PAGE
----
The Nature Conservancy is seeking a contractor who will conduct a review and market analysis of the current commercial fisheries along Washington’s Pacific Coast to identify potential opportunities to increase sustainable fish markets. Proposals due Sept. 4, 2019
You can make a difference for sustainable business on the Washington Coast.
Photographed by Tim Regan, Flickr Creative Commons
It’s easy to invest in big Wall Street backed businesses, but next to impossible to invest in a local Main Street business in your community – especially if that business is a startup. The Washington Coast Works Sustainable Small Business Competition is changing that with a crowd funding campaign that lets ordinary folks contribute what they can afford to help emerging entrepreneurs launch new businesses in rural and tribal communities on the Washington Coast. First prize is $10,000 in startup funding, with multiple runner up prizes. See the Washington Coast Works website for details.
This year’s Coast Works entrepreneurs include a cultural tourism business, a wood boat kit manufacturer, a beekeeper, a construction business, a chocolatier, a tiny homes builder, a food truck, a dog boarding business, a permaculture farm, a stump grinder, a nature-inspired fitness company, a sustainable vegetable and hog producer, and a manufacturer of art equipment. All are “triple-bottom-line” businesses designed to generate profits with significant social and environmental benefits.
“How awesome that all of us can contribute to the Coast Works prize money this year,” says Coast Works intern Sarah Haensly who designed the campaign. “Web-based crowd funding now makes it possible for anyone to contribute what they can afford – without calling up your local stock broker.”
Tanikka Watford knows how hard it is to raise startup funding for a small business. She needed significant capital to launch Deep Roots Foods, a Tumwater-based small-scale food co-pack food processing business.
“I was fortunate to find local investors through Social Venture Partners’ FastPitch competition last year, but those opportunities are rare,” says Watford. “I think it is amazing that you all are making it possible for people in Coast Works communities to participate directly in their local economic development!”
June 21, 2016 (Seattle, Washington) — Washington Coast Works is pleased to announce the Quinault Indian Nation as the Title Sponsor for the 2016 Sustainable Small Business Competition. This year’s business training is underway and will conclude July 22-24 during the Entrepreneurship Summit at the Olympic Natural Resource Center in Forks, Washington. At the Summit, participants will develop their presentation pitch and polish their business plans for a chance to vie for up to $20,000 in startup financing. Winners will be announced in October.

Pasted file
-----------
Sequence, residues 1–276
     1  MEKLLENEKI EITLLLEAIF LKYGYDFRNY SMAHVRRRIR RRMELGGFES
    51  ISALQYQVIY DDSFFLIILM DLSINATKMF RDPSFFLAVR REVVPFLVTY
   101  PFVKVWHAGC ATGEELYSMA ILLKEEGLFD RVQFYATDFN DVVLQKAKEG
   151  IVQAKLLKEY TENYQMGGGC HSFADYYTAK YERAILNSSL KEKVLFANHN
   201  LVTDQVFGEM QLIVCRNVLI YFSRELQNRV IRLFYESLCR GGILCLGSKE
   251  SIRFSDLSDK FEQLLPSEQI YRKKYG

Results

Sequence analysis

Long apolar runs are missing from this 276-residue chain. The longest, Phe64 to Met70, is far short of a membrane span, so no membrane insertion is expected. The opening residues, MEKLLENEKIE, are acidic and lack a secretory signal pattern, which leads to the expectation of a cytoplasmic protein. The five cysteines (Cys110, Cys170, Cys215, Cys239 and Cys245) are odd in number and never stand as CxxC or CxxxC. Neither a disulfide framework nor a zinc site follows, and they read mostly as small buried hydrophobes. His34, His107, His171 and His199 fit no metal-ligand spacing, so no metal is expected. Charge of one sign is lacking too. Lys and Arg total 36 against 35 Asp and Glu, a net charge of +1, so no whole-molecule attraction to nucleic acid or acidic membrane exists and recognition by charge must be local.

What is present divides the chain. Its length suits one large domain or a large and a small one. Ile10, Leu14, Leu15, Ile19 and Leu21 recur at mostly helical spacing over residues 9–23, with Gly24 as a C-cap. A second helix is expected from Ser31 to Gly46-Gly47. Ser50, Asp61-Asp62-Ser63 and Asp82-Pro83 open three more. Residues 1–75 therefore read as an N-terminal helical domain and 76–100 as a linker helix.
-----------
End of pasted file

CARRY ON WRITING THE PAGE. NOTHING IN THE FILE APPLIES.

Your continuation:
This year’s participating entrepreneurs include a cultural tourism business, a wood boat kit manufacturer, a bee keeper, a construction business, a chocolatier, a tiny homes builder, a food truck, a dog boarding business, a permaculture farm, a stump grinder, a nature-inspired fitness company, a sustainable vegetable and hog producer, and a manufacturer of art equipment. All are “triple-bottom-line” businesses from coastal communities in Grays Harbor, Jefferson and Clallam Counties and designed to generate profits with significant social and environmental benefits.
“The Quinault Indian Nation is a critical partner for us,” said Eric Delvin, Emerald Edge Project Manager at The Nature Conservancy. “Their commitment to conservation of their natural resources and to sustainable economic development is clearly demonstrated by their sponsorship of Washington Coast Works.”
Other 2016 competition sponsors include Enterprise for Equity and Washington Department of Commerce.
Washington Coast Works is an initiative of The Nature Conservancy in collaboration with Enterprise for Equity (with support from a USDA Rural Business Development Grant), the Center for Inclusive Entrepreneurship, and the Ta’ala Fund, a native community development financial institution that supports business development in western Washington coast tribal communities.
The complete calendar of events leading up to the competition is available at www.wacoastworks.org. Contact at Mike Skinner firstname.lastname@example.org to learn more about the competition, to volunteer to mentor or judge, or to request information about more sponsorship opportunities.
World Oceans Day was the perfect opportunity to get outside, enjoy nature and make a difference. We joined our local instagram community by celebrating our oceans and enjoying an amazing sunset along the Washington coast at Ruby Beach. Check out some scenes from the day in the video above!
Written & Photographed by Kyle Smith, Field Forester
Late Spring at The Nature Conservancy’s Ellsworth Creek Preserve in Southwest Washington is a magical place for wildlife viewing. Spring rains bring out amphibians in huge numbers such as the tailed frog, ruffed skinned newts, Columbia torrent salamander, pacific giant salamander. In fact, a survey conducted by the Washington Natural Heritage Program and TNC scientists found that Ellsworth Creek had on of the highest populations of amphibians in Washington State. Amphibians aren’t the only things that roam the misty forest floors in Ellsworth Creek.
Black bears come out of their winter torpor to forage on grasses, berries and the fresh sapwood of actively growing trees. Southwest Washington and in particular Ellsworth Creek have some of the largest numbers of black bears in the lower 48. We were lucky to come across these beautiful black bears at the preserve recently!